Quebec Ink

Quebec Ink: On immigration, the CAQ government is listening to tech entrepreneurs

Quebec Premier François Legault in Ottawa in September 2020. The Canadian Press/Sean Kilpatrick

MONTREAL — The tech bros were restive.

It was November 2019, and roughly 20 entrepreneurs from the Quebec chapter of the scale-up business-advocacy group Council of Canadian Innovators (CCI) were seated around a table in an office in Old Montreal. At its head was Pierre Fitzgibbon, Quebec’s minister of economy and innovation. And yes, this being tech, middle-aged white dudes in business casual were well represented. 

The topic of discussion was the province’s tech sector. Montreal’s academic plunge into the realm of artificial intelligence in the early 1990s had begat a booming marketplace for tech-suffixed startups in the city: fintech, proptech, healthtech, agtech, cleantech. All and more were represented around that table—and all wanted to know why Fitzgibbon’s government was kneecapping their business plans.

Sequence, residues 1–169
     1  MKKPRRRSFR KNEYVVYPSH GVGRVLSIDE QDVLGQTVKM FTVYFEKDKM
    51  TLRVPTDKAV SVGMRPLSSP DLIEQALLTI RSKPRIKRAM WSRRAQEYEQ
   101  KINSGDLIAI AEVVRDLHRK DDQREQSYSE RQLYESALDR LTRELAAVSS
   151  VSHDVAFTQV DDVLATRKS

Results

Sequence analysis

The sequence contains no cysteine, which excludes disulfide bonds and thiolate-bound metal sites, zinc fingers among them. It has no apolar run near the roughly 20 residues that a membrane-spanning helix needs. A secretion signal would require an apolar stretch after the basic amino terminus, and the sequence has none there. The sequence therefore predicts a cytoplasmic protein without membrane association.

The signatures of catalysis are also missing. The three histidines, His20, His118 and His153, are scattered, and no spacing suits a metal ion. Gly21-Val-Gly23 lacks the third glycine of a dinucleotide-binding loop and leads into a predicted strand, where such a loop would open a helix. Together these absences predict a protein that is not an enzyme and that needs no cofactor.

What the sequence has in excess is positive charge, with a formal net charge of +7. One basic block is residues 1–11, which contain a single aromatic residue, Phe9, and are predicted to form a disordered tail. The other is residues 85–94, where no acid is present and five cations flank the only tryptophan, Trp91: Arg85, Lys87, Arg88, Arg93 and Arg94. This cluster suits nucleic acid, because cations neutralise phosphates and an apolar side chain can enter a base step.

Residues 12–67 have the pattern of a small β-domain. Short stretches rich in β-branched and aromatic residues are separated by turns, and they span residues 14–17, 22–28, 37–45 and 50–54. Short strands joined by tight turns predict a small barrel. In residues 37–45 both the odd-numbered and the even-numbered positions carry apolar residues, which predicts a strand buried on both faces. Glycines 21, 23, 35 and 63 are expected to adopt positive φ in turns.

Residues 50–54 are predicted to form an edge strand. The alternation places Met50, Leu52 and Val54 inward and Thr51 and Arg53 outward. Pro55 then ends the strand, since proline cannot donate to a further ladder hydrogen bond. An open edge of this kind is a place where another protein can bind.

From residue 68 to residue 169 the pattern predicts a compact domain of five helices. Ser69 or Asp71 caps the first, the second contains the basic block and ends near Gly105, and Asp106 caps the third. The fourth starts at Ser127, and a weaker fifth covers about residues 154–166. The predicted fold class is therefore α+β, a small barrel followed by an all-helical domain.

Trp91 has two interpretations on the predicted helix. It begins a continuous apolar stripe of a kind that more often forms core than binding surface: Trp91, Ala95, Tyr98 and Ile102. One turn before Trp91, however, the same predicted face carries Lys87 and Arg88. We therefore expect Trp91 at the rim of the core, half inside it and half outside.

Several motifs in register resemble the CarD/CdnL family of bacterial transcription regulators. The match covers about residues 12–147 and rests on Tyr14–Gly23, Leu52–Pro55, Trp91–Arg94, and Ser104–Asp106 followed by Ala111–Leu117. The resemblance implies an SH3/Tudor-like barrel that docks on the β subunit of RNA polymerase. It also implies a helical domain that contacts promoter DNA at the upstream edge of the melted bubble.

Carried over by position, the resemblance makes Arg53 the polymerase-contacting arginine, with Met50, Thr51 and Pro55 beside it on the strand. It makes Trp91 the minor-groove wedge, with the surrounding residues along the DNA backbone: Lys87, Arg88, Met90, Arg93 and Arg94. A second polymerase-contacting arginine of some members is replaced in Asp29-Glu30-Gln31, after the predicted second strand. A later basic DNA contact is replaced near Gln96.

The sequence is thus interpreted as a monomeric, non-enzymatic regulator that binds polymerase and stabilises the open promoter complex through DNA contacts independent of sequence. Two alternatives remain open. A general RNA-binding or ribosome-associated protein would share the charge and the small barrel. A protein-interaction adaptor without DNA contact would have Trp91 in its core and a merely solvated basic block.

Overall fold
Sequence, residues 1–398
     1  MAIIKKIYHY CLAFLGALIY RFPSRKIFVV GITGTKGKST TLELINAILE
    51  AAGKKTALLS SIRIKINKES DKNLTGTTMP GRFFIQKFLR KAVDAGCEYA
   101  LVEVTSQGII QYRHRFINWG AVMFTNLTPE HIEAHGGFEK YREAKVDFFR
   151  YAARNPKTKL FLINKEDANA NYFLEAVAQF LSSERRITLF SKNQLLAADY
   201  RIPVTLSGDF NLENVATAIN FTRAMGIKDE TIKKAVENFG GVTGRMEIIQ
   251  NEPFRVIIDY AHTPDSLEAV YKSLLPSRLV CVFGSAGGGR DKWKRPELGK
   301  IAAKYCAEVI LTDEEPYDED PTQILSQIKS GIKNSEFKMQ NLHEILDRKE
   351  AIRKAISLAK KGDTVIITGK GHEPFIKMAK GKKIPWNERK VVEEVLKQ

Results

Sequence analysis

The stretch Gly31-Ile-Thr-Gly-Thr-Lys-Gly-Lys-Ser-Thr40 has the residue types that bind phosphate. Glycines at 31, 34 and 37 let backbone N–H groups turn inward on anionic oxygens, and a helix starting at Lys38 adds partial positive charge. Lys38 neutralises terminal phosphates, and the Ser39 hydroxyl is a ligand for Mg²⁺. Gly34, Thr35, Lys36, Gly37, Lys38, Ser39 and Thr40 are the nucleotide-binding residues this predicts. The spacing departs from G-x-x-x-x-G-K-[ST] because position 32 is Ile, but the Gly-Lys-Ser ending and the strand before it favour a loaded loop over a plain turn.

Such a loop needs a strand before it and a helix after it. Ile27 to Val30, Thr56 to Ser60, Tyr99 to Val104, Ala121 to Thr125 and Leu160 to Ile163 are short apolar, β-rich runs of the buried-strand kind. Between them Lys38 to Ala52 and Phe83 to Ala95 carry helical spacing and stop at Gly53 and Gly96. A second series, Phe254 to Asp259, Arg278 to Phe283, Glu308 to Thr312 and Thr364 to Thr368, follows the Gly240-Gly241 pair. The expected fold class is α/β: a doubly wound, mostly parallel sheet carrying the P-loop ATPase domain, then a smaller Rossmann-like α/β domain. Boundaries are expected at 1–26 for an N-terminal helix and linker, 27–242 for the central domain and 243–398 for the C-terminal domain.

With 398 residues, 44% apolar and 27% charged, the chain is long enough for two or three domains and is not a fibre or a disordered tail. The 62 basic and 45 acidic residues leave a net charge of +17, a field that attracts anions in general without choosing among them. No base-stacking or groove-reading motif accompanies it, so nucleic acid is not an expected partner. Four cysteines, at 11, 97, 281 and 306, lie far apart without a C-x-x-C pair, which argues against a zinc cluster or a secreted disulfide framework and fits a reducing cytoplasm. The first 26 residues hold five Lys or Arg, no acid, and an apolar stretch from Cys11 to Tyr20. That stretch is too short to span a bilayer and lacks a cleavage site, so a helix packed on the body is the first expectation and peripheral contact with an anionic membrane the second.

Why, they wondered, had the governing Coalition Avenir Québec cut immigration just as they were starved for programmers, developers, executives and other well-paid sector types? Fitzgibbon, who usually draws much of the oxygen in a crowd, was uncharacteristically quiet. At the end of the minutes-long kvetch session, Fitzgibbon nodded. “Yeah, we messed that one up,” he said, according to two sources who were at the meeting, and who requested anonymity to speak freely about the private meeting. Fitzgibbon promised his government would do something about it.

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